I can never say his name without feeling like the victim of an “I was born on a pirate ship” style schoolyard prank, but anyway…
The Cinematheque is running a retrospective on the films of Maurice Pialat right now, and since he produced only ten feature films and one TV mini-series (plus a handful of short films that are not on view), it shouldn’t be too hard to catch most of his works before this month is over.
I knew nothing about him before this series came to town, though I had heard about Under the Sun of Satan (1987), mainly because it is based on a book by the same author who wrote the books on which Robert Bresson’s Mouchette (1967) and Diary of a Country Priest (1951) were based. But when I read the Cinematheque’s description of Pialat and his gritty, naturalistic style as a sort of bridge between Bresson and more recent filmmakers like Bruno Dumont, the Dardennes (whose The Son made my top ten for 2003), and Erick Zonca (whose Dreamlife of Angels, my review, was my favorite film of 1999), I figured I had to check him out.
So, I have caught three of his films so far.
The first, Naked Childhood (1968), was a perfect way to start the series. It concerns Francois, an abandoned child who is shuttled from one foster home to another, and whose slide into delinquency — dropping family pets down stairwells, throwing knives at other children, tossing bricks at moving cars from a bridge, and so on — is both a result of his situation and a cause of it; the instability in his life fuels his anti-social behaviour, but if he didn’t keep getting into trouble, his foster parents might not be inclined to give up on him so readily.I’m a sucker for films about friendships across the generations, and Pialat — who was already 43 years old when he produced this, his first feature! — shows a remarkable affinity for the children as well as the much older characters. The second family with whom Francois lives includes a couple in late middle age who have several grown children and grandchildren by their previous marriages but no children by their present marriage, so they look after her elderly mother and a couple of foster kids, Francois among them. There is a remarkably gentle and affectionate feel to this family; the husband and wife are clearly still in love, in a contented rather than passionate way, and “Granny” is amused when Francois asks if she has ever been a man’s mistress.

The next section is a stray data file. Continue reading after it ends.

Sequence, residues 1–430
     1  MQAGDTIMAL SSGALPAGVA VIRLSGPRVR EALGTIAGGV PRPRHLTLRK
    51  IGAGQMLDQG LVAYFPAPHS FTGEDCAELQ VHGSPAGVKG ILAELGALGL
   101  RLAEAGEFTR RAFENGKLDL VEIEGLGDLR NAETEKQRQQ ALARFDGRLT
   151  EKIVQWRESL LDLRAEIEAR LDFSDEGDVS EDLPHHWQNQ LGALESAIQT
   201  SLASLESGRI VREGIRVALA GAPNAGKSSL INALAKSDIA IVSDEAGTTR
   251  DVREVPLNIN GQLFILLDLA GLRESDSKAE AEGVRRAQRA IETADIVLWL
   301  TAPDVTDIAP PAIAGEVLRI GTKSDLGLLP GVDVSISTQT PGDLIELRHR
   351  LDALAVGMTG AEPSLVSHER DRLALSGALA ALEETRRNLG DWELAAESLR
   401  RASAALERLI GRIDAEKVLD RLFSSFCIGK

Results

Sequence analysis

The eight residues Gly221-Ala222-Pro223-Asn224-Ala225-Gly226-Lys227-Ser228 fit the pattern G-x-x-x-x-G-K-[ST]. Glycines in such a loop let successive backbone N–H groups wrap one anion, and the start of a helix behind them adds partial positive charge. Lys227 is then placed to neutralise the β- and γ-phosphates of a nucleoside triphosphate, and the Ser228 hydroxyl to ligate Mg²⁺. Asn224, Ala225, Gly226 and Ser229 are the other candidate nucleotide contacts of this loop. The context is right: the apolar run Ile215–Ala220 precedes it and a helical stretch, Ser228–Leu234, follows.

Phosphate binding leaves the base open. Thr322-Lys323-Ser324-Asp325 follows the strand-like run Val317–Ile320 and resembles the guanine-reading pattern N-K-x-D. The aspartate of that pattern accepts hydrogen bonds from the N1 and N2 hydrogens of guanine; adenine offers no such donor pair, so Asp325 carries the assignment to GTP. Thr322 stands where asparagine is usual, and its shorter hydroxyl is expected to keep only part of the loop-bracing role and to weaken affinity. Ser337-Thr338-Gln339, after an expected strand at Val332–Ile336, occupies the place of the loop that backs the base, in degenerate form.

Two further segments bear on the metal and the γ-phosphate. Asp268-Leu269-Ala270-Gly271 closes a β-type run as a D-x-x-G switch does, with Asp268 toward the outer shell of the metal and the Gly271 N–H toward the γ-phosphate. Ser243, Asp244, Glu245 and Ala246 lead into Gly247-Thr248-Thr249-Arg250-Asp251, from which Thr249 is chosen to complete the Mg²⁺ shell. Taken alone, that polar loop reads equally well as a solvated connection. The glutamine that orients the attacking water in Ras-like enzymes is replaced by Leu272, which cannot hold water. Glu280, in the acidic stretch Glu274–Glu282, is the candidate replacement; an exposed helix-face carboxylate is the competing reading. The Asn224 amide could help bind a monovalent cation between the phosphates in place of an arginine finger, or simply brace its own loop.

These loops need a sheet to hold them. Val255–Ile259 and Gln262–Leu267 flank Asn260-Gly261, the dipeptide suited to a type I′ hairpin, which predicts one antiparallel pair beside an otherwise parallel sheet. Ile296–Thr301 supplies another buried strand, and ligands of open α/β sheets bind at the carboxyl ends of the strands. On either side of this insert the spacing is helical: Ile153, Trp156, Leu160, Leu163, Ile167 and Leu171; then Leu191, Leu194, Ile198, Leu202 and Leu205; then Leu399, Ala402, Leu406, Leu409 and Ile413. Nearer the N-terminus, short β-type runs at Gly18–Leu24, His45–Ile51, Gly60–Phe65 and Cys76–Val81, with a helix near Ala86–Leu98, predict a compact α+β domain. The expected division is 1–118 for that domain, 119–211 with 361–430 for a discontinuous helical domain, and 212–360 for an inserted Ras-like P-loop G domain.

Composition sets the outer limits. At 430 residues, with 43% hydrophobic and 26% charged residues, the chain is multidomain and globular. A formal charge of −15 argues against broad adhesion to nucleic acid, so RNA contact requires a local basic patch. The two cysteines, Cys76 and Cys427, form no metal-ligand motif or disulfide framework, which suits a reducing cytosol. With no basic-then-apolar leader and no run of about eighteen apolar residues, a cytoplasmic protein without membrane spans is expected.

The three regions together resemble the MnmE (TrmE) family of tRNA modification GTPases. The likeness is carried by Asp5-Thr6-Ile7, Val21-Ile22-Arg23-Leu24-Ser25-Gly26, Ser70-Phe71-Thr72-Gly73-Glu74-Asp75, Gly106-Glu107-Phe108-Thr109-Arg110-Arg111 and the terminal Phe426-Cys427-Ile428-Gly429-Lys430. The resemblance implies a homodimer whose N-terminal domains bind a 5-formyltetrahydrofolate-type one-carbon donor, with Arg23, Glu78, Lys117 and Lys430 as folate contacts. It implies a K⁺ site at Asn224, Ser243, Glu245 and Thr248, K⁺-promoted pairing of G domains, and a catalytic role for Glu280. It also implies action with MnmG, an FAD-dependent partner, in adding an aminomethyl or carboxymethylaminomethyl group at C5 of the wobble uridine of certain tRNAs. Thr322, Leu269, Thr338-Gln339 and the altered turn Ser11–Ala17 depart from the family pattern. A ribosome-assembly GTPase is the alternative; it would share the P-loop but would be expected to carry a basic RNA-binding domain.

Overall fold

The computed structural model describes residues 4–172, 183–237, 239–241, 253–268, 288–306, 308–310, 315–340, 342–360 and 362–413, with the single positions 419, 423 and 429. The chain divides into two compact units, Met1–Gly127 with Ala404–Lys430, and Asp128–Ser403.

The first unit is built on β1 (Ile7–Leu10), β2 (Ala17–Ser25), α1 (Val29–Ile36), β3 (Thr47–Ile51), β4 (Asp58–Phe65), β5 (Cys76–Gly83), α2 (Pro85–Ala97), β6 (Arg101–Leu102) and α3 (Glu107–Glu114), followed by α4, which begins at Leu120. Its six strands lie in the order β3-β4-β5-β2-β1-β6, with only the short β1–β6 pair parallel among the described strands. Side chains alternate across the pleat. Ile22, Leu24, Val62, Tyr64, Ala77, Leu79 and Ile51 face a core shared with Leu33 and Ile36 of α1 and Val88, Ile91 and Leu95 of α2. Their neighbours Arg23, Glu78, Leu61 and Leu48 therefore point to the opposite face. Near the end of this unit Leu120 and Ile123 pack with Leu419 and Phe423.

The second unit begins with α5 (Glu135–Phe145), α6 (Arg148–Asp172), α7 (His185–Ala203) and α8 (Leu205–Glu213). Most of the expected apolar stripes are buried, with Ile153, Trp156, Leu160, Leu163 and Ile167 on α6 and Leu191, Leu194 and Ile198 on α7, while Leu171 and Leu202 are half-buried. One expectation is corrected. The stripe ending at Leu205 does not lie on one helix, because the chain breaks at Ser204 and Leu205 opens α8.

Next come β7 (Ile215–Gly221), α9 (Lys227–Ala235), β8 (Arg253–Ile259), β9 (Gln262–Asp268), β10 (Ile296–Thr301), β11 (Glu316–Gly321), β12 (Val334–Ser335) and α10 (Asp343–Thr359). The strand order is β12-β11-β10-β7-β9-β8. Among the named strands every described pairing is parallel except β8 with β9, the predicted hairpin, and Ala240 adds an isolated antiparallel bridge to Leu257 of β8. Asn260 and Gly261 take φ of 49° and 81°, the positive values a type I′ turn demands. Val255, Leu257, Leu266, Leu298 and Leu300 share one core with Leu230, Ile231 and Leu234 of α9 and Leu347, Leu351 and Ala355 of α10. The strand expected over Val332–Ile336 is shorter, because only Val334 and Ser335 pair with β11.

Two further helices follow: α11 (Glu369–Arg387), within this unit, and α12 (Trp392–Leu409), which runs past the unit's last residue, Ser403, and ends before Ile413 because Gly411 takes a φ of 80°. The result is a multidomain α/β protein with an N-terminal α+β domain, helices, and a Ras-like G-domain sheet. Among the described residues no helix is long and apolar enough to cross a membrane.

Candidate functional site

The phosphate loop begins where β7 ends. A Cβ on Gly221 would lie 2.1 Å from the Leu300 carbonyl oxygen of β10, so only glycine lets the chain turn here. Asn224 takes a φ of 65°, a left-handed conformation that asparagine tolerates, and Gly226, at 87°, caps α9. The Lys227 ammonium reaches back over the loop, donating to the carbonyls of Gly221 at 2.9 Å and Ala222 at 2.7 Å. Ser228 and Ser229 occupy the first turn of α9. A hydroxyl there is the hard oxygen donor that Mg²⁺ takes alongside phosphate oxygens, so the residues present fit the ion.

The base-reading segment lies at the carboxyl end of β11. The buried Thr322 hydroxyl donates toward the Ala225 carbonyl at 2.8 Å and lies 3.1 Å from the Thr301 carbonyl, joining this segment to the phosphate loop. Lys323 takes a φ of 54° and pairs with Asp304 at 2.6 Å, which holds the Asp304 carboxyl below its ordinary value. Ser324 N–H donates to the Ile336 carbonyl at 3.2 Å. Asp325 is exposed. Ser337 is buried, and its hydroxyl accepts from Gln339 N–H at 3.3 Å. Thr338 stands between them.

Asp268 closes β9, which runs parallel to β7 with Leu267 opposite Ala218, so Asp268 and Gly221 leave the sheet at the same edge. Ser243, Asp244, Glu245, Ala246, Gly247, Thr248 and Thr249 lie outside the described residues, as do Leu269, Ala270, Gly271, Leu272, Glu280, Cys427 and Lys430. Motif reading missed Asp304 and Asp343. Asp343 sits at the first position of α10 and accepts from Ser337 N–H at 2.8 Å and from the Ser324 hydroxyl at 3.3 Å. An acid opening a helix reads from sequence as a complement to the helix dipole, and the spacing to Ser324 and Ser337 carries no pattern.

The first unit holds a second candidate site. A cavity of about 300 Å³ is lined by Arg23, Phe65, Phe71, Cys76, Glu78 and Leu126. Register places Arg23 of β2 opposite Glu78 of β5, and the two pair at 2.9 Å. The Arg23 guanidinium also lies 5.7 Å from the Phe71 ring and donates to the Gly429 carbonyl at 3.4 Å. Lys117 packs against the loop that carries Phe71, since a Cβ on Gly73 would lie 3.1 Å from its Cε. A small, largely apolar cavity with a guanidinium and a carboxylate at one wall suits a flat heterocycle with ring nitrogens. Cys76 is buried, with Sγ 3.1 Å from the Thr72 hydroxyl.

Francois, alas, is still a troubled boy, but these people do have a calming effect on him; he seems drawn to Granny in particular. There is one nicely underplayed but still suspenseful scene where Granny can’t find the money that ought to be in her purse, and the other boy accuses Francois of stealing it, and you realize that you believe that other boy, and you are genuinely dismayed that, oh no, perhaps Francois has betrayed her trust, too.
I then caught a double-bill of Loulou (1980) and A Nos Amour (1983), and I have to say I wasn’t as impressed. Both films concern women who embark on dangerous sexual relationships — one against the wishes of her husband, who slaps her around a bit, and the other against the wishes of her brother, who slaps her around a fair bit more — and I have to say that, as dramatic as they can be, stories of sexual self-destruction and psychotic family members have never interested me all that much.
I do like the way Sandrine Bonnaire, who was only 15 or 16 when Pialat “discovered” her for the latter movie, seems all mature and alluring and womanly when she’s picking up guys, but gets all giggly and girlish when she’s talking to her father (played by Pialat himself); and I am similarly impressed by the performances of Isabelle Huppert and Gerard Depardieu in the earlier movie. But like I say, these kinds of films don’t quite do the trick for me.
Nevertheless, I am still curious to see his other films. I want to see Under the Sun of Satan in particular, natch, and I’ll probably catch a couple others as well, as time and circumstances permit.